The Polo Bar brings new meaning to ‘galloping gourmet’

All images courtesy of Ralph Lauren.


It was a bitterly cold late-winter evening when WAG visited The Polo Bar in Manhattan. Inside, however, the temperature ranged from warm to red hot.

Was it because Ralph Lauren’s first New York restaurant — located strategically next to his flagship Polo store across from the tony St. Regis Hotel in the very space that was once home to the legendary La Côte Basque — is Manhattan’s new It Place?

Or could it be the Cole Porter/jazz soundtrack that threads snippets of overheard conversations — what Broadway play to see, why “Seinfeld” will never grow old?

Or maybe it’s the décor by the RL creative team — all bottle-green walls, rich wood paneling and coffered ceilings, saddle leather chairs and banquettes, tartan pillows and brass appointments, with polo accoutrements and paintings hung academic style, one atop the other. It’s a decidedly masculine world, an elegant man cave in which we ladies — who’ve always known how to play with the big boys, anyway — can feel right at home. This is particularly true in the soft lighting that flatters every face reflected in the border of small rectangular mirrors that shrewdly adorn some walls at seat level.

Whatever the reasons, The Polo Bar is one of those heralded New York happenings that lives up to its billing. “I Get A Kick Out of You” indeed.

You’ll certainly get a kick out of the menu, classy American comfort food from chef Sepp Stoner that builds on Lauren’s eateries in Paris (Ralph’s) and Chicago (RL) while remaining distinctive. I was joined for the evening by my Manhattanite sister, Gina, a gourmet and superb cook who said, “Make sure you mention that the waiter refreshed our drinks (dirty martini for her, cosmo for me) in chilled glasses, a nice touch.” Consider it done, Sis.

She began the evening with The Polo Bar Crab Cake, thinly crusted and served with mustard bell pepper sauce, which she enjoyed, while I immersed myself in the Roasted Butternut Squash Soup with wild mushrooms and sage. I am a collector of butternut squash soup experiences. Indeed it’s one of the few things I make well. The Polo Bar’s isn’t as creamy as mine or some others I’ve tried, but it had a nice buttery texture and sheen plus the one thing butternut squash soup must have to be a success — the right amount of apple for that sweet-savory balance.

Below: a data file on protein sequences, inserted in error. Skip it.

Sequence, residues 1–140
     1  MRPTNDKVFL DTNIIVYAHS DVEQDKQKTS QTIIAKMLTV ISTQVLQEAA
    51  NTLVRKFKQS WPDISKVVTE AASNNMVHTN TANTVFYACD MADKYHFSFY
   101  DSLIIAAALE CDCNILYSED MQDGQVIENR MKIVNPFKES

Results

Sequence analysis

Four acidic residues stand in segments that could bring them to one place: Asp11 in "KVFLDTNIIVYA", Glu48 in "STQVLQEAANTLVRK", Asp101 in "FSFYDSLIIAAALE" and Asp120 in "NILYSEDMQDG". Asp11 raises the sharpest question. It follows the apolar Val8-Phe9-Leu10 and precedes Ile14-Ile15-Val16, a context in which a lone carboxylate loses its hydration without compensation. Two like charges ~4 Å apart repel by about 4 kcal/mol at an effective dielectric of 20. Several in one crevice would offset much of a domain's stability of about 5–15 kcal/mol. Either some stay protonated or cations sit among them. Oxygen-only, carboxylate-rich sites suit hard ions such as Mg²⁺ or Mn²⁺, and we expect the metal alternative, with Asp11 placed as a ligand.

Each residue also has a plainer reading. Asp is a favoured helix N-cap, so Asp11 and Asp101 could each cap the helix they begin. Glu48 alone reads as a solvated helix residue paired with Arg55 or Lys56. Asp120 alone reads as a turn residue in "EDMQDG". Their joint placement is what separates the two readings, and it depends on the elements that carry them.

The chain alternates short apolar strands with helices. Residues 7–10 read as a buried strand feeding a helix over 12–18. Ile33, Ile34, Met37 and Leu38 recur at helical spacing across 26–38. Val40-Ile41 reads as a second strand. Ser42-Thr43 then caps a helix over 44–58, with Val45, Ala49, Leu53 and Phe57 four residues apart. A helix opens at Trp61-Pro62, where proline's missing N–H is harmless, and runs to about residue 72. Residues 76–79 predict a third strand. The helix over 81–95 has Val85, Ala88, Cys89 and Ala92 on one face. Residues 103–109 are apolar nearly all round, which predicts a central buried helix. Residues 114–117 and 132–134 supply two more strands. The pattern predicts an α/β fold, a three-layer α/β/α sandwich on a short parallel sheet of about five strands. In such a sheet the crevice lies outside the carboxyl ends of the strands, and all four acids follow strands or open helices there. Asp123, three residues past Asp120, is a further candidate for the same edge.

My sister, a healthier, more careful diner than I am, moved on to the Alaskan Black Cod, with hen-of-the-woods mushrooms, mushroom broth, garlic parsley purée and wilted spinach.

While the restaurant has an enticing vegetarian menu, I decided I had to try the signature Polo Bar Burger, with cheddar cheese, tomatoes, lettuce, onions and pickles. (I skipped the bacon.) The burger, which came with a side of hand-cut fries, was one of the best I’ve had, thanks to the meat’s marvelous texture. The beef is sourced at select times of the year from Lauren’s Double RL ranch in Colorado, said Steven Bono, our charming, handsome server, who like all the attractive waitstaff sported custom RL gray flannel trousers, leather wingtips and silk repp ties.

Fortunately for me, the burger was not as big as it appears in photographs, which allowed me to indulge in my favorite — dessert. Tempting though it was, I bypassed Ralph’s Coffee Ice Cream, homemade with his custom coffee blend, in favor of a buttery Charleston Bourbon Pecan Pie with whipped cream — which had me dreaming of that city’s gracious grille-work and gardens — while my sister savored a creamy banana sorbet.

No visit to any stellar restaurant is complete for me without a trip to the powder room. I still secretly harbor the fantasy of writing a book titled “Great Powder Rooms of the United States” to be followed by “Great Powder Rooms of Europe.” Suffice it to say it, too, is bottle-green and I wished I could’ve whisked it back to my house, along with the painting of Triple Crown winners Man o’ War and Citation by Allen F. Brewer Jr. that hangs on the 132-seat dining room’s west wall.

But alas, those will have to remain dreams and it was out into the frigid night for me and Gina.

There’s no doubt, however, that whatever the season, The Polo Bar will retain its amber glow.

The Polo Bar is at 1 E. 55 St. at Fifth Avenue. The doors open at 5 p.m. for guests with reservations. Call 212-207-8562 or visit

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